All Hallow’s Eve is just a week away, so the Popnarcotic 2008 Halloween Music Mix arrives just in time for your listening pleasure! Once again, I should probably explain some of the criteria for songs that make it and songs that don’t. Metal and goth? No thanks. As far as metal goes, I want to point out that this is a party mix. Presumably, there are chicks at your party. Ever see what effect Blue Oyster Cult, Iron Maiden, or Judas Priest has on the ladies? It’s like hot babe Deep Woods OFF. Suddenly every female at the party has to go to the bathroom/go outside to smoke/take a phone call outside/leave for a better party. Away with the over-obvious metal then. Goth is right out too. Again–party mix! I want a bunch of aging Peter Murphy wannabes stumbling around my party about as much as I want hot oil dumped on my head.
No, the idea is that Halloween is good creepy fun. I used the example last year, but I think it gets to the heart of this: there’s two vignettes that open and close the otherwise-mediocre Twilight Zone movie from the 1980′s that feature Dan Aykroyd. In the last one, he’s the sinister ambulance driver who puts a cassette with “Midnight Special” on, and John Lithgow blissfully remarks “Creedence? I love Creedence…” You know he’s gettin’ a one-way ride, and maybe this mix is the rest of Aykroyd’s cassette brought to you for your listening enjoyment.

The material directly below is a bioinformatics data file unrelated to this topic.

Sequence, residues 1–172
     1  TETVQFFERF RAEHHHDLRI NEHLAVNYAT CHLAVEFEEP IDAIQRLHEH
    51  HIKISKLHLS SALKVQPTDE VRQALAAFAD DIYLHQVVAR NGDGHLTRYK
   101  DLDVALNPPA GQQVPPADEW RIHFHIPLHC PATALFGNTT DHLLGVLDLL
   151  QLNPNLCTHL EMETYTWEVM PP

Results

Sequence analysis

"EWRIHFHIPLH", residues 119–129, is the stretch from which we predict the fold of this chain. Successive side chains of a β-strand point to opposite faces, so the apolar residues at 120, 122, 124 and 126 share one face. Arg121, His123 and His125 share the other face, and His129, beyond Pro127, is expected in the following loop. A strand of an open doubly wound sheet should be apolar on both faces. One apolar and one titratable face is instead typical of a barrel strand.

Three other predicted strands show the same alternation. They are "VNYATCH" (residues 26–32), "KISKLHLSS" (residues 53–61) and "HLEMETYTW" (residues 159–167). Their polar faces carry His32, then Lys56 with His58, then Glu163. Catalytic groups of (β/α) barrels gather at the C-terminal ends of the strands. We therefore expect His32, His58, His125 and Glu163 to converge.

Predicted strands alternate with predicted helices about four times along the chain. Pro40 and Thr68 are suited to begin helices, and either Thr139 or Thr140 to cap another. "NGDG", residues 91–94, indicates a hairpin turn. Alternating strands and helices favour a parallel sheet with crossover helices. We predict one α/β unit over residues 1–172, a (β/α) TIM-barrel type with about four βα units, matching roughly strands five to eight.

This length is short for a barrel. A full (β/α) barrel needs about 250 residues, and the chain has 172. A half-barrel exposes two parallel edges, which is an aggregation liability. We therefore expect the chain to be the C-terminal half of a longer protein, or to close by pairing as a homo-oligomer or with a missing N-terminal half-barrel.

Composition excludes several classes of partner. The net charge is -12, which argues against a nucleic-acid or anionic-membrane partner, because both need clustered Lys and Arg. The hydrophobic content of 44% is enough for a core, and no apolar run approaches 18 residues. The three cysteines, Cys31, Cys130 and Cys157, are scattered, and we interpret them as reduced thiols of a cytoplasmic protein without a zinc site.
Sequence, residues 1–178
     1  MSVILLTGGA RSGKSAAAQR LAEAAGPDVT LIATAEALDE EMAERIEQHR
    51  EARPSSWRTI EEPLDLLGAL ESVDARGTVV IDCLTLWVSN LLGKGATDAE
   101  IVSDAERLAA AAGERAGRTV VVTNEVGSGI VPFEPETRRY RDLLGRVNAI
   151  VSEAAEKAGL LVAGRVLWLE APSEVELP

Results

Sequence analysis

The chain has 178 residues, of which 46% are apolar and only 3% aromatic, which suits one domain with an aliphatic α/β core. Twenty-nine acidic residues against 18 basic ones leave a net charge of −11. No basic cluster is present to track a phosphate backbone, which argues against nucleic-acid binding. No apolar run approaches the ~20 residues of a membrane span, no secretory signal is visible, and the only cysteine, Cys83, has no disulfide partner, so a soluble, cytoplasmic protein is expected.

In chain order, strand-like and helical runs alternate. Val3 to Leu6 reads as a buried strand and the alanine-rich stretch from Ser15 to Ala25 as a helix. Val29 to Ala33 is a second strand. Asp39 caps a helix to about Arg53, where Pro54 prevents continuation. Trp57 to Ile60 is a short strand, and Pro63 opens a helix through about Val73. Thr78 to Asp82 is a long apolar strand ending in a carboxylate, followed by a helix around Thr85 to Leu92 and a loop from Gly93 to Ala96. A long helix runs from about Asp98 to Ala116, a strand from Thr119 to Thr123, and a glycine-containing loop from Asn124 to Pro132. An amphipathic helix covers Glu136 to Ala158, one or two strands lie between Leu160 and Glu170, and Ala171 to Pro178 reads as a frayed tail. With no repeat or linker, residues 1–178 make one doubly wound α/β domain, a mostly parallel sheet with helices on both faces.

Now, I recommend you give it a listen without knowing the track list in advance…but if you’re impatient, here’s some liner notes-y type stuff about the songs:
1. “Psychotic Reaction” by the Count Five: This one seems so obvious, I was sort of surprised that I’ve never thought to use it before. Along with the Sonics, these fellas were the pioneers of the kind of Cave Stomp garage fun that defines the kind of sinister goofy fun I look for in songs I consider for the Halloween mix each year.
2. “Raise The Dead” by Phantom Planet: While no one was paying much attention, these guys booted Jason Schwarzman from the band and set about making the best 1996 Radiohead album that Radiohead never made in 1996. This is the title track, and it neatly stomps on the accelerator just a bit from where we were with the Count Five…
3. “Dark Side Of Night” by The Foxboro Hottubs: This probably is news to no one, but the Foxboro Hottubs are better known by their other nom de rock, Green Day. Recording under the FHT moniker, they also put out an ace album of retro-sounding garage rockers, with this song (and the obvious nod to the Yardbirds’ “Heart Full Of Soul”) being their foray into some sort of Zombies meets Shadows Of Knight thing. Awesome is what it is.